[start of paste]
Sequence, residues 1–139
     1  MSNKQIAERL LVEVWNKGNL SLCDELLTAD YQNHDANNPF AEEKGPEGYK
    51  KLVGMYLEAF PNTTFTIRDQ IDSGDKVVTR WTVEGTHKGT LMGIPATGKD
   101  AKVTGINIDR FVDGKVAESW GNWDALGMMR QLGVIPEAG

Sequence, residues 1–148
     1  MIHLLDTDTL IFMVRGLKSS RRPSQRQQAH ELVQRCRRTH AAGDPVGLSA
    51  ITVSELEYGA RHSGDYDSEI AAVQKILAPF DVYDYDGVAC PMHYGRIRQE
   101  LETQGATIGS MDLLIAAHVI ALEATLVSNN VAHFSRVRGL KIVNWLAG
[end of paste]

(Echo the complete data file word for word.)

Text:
Sequence, residues 1–139
     1  MSNKQIAERL LVEVWNKGNL SLCDELLTAD YQNHDANNPF AEEKGPEGYK
    51  KLVGMYLEAF PNTTFTIRDQ IDSGDKVVTR WTVEGTHKGT LMGIPATGKD
   101  AKVTGINIDR FVDGKVAESW GNWDALGMMR QLGVIPEAG

Sequence, residues 1–148
     1  MIHLLDTDTL IFMVRGLKSS RRPSQRQQAH ELVQRCRRTH AAGDPVGLSA
    51  ITVSELEYGA RHSGDYDSEI AAVQKILAPF DVYDYDGVAC PMHYGRIRQE
   101  LETQGATIGS MDLLIAAHVI ALEATLVSNN VAHFSRVRGL KIVNWLAG